Judge Rules Fidelity National Must Pay $5.1 Million in Wildfire Dispute

The Insurance Journal
November 11, 2005

An insurance company has been ordered to pay punitive damages of more than $5.1 million to a couple who said they were underpaid on their claim for a home destroyed during the 2003 wildfire season.

Attorneys for the plaintiffs said the verdict followed the first insurance trial stemming from the Southern California fires. The couple, Larry Stone and Linda Della Pelle, lost their home in Claremont, Calif., on Oct. 25, 2003, and subsequently filed a claim with Fidelity National Insurance Co.

Fidelity eventually agreed to pay $433,000, less than the couple said was needed to return the home to pre-fire condition. They said the company failed to consider all the rebuilding costs, including flooring, architectural and engineering fees, mold testing, and contractor supervision fees, said Ricardo Echeverria, the couple's lawyer.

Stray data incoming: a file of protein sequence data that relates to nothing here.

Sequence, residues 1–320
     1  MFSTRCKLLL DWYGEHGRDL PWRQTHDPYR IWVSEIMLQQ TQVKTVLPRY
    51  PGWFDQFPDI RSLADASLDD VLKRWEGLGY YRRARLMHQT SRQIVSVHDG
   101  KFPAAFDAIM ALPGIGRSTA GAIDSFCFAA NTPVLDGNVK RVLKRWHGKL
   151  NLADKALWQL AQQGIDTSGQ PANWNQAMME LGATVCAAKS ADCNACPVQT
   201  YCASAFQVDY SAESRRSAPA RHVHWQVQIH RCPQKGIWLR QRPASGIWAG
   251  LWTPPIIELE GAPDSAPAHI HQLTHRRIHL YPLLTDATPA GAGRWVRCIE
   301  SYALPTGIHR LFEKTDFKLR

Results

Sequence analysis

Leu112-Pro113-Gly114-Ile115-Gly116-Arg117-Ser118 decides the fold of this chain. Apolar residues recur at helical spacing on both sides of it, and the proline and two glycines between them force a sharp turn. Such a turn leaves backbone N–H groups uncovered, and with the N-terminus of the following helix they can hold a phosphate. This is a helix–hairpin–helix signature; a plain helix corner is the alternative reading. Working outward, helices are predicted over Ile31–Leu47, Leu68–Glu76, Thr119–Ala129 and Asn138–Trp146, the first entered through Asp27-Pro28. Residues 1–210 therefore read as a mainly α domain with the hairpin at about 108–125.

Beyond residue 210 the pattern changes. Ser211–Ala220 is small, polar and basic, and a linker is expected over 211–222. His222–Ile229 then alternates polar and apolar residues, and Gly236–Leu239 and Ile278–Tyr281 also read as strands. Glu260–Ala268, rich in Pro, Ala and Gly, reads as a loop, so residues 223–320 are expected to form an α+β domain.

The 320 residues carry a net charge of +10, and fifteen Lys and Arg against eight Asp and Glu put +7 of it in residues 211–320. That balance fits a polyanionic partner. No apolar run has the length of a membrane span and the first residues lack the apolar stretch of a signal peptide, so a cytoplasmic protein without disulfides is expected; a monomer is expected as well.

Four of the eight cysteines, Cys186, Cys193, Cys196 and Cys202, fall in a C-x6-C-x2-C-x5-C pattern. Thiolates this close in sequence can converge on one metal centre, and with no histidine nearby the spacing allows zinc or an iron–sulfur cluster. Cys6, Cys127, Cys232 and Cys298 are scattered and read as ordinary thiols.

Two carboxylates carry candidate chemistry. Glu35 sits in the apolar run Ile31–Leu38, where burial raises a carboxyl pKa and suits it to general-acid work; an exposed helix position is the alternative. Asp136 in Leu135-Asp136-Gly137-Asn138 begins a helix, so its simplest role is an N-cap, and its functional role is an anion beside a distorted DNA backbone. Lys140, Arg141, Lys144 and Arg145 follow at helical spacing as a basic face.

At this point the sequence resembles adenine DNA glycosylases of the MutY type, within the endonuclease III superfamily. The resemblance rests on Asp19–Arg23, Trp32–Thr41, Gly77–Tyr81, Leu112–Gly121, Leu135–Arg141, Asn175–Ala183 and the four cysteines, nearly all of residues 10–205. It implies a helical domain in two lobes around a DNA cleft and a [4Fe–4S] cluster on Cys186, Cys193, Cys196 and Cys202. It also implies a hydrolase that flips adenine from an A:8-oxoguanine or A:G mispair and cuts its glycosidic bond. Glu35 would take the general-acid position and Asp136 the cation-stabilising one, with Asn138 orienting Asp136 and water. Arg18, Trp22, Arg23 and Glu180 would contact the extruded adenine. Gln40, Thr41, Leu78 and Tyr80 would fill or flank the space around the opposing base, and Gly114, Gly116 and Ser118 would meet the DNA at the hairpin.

"They never properly investigated to determine what was in the house," Echeverria told the San Jose Mercury News.

On Wednesday, a jury found the replacement cost should have been $616,000. With its verdict, jurors said Fidelity breached its contract with the couple and that its conduct met the legal definitions of fraud, malice and oppression.

Lawyer John Hennelly, who represented Fidelity during the trial, said the company plans to appeal. He said the judge made several errors regarding what could be admitted into evidence.

Echeverria said he expected the judge to award the couple the difference between the $616,000 and the $433,000 -- a total of $183,000 -- along with punitive damages of $5,163,217.

Hennelly said his clients would object to paying both amounts.

Copyright © 2005 by Wells Publishing Company

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